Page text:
Wisdom will be mindful of how we hear the story. While the movie Iscariot could feature the tattered life of a neglected boy who grew to die a tragic death, Jesus instead casts the story of Judas, the devil in the fold, the betrayer spoken of before his birth (Psalm 41:9; 109:8), a wicked man whose treachery made nonexistence more preferable than life (Matthew 26:24). No personal history, no wrongs committed against him negates this. We must beware that tales, expertly woven, can endear us even to devils.

And this is relevant today: Have villains ever been in greater demand? In this growing genre some call “anti-villain,” millions consume stories that feature murderers, drug dealers, cannibals, mob bosses, serial killers, serial adulterers. They are the moral monsters we hate to love. Or, just love. Past are the days of predictably boring good guys and two-dimensional villains; we increasingly prefer our heroes more in our own image than in God’s.

The trend continues with the release of the new Joker movie. Wisdom will be wary of this sort of art. It can beautifully and movingly and compellingly get us to embrace, ever so slowly, what God hates. To recast the story to favor the wicked. The first step to indulging in evil, we must remember, is to smile at it.

Such a movie, should it feature the devil as prominently as advertised, can tempt us toward several dangers worthy of discussion — among them, calling evil good, locating the source of wicked behavior primarily outside ourselves, thinking liberation comes from giving in to the darkness, and assuming that vengeance is rightfully ours.

Mistake Dark for Light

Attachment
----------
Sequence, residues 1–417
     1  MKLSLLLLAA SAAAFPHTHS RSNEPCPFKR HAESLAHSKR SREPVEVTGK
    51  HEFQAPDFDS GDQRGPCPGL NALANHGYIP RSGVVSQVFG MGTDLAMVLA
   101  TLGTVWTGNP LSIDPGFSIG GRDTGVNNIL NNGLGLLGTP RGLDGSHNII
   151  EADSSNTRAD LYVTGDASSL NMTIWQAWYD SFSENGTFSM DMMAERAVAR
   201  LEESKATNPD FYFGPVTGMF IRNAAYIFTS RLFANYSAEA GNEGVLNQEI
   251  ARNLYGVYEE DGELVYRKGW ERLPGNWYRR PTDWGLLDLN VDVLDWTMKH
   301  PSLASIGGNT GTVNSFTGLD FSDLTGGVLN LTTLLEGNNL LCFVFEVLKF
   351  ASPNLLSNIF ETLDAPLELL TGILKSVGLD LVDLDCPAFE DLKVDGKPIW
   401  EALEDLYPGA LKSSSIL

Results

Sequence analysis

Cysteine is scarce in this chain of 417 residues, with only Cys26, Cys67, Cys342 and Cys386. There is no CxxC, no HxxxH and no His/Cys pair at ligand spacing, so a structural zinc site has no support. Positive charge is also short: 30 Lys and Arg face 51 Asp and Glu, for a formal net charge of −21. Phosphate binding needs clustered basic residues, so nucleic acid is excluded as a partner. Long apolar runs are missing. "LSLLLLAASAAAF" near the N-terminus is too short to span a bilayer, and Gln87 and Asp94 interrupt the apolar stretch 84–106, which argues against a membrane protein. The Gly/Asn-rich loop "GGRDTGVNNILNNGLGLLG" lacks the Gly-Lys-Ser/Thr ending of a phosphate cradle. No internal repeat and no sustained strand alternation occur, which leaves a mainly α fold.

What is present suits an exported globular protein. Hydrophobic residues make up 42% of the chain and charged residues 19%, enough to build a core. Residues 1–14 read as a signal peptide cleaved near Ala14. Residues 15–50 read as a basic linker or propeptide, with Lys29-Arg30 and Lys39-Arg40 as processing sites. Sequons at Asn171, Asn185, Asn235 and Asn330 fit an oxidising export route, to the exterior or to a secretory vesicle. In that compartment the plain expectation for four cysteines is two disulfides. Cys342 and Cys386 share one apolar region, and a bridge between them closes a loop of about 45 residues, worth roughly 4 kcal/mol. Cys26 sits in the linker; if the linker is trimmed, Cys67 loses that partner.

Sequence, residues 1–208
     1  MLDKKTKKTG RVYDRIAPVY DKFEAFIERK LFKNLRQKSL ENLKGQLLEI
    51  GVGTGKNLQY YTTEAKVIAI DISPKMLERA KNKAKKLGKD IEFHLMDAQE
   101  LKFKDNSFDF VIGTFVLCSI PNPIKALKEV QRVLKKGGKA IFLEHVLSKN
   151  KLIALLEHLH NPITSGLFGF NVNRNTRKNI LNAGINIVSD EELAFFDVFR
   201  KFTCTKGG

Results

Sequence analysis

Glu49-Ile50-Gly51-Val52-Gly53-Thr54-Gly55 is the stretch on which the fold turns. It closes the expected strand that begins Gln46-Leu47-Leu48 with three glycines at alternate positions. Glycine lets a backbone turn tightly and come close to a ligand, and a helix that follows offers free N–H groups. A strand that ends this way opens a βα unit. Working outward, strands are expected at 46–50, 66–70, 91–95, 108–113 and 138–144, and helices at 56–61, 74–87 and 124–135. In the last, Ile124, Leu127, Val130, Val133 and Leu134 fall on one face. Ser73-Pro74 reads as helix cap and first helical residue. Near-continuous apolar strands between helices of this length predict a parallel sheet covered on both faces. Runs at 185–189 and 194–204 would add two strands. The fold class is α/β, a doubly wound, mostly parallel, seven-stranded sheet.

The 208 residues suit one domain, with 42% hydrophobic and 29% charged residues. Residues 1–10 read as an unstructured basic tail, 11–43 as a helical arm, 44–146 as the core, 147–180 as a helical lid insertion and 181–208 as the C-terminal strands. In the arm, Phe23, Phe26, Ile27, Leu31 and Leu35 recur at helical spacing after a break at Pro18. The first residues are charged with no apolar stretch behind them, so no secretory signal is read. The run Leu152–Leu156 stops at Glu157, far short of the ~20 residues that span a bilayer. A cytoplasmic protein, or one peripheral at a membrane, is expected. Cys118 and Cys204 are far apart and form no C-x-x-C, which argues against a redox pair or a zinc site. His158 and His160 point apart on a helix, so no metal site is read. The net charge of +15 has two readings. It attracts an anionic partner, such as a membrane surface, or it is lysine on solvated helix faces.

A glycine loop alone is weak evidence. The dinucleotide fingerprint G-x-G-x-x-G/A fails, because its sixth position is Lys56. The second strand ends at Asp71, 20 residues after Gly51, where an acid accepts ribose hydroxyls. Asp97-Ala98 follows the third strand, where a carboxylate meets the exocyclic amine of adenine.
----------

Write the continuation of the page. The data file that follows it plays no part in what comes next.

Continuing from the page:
“The movie,” as one Rolling Stone critic laments, “lionizes and glamorizes Arthur [the Joker] even as it shakes its head, faux-sorrowfully, over his violent behavior.” It does not merely report brutality and gore, which the Bible also paints with bloody realism; the critic claims that it glamorizes the wicked character. So also, according to The New Yorker, the movie welds together the comic and the tragic in such a way that “we can’t tell the light from the dark.” Satan grabs the pen to tell the story. The movie, and many shows like it, do not merely report evil; it advertises it. If taken to its natural consequence, it invites the curse of God to all who buy in and beautify depravity:

Woe to those who call evil good and good evil, who put darkness for light and light for darkness, who put bitter for sweet and sweet for bitter! (Isaiah 5:20)

But how do they do it? How do they get us to applaud a villain? They rely on the fact that evil, when committed by a complex individual, is no longer as evil. The secret to endear us to the deplorable is to portray the culprit as a victim to be pitied, not a lowlife to be protested. Few have categories for victims of one crime being perpetrators of other crimes. Once the first domino of evil falls, how can we be blamed for what happens next?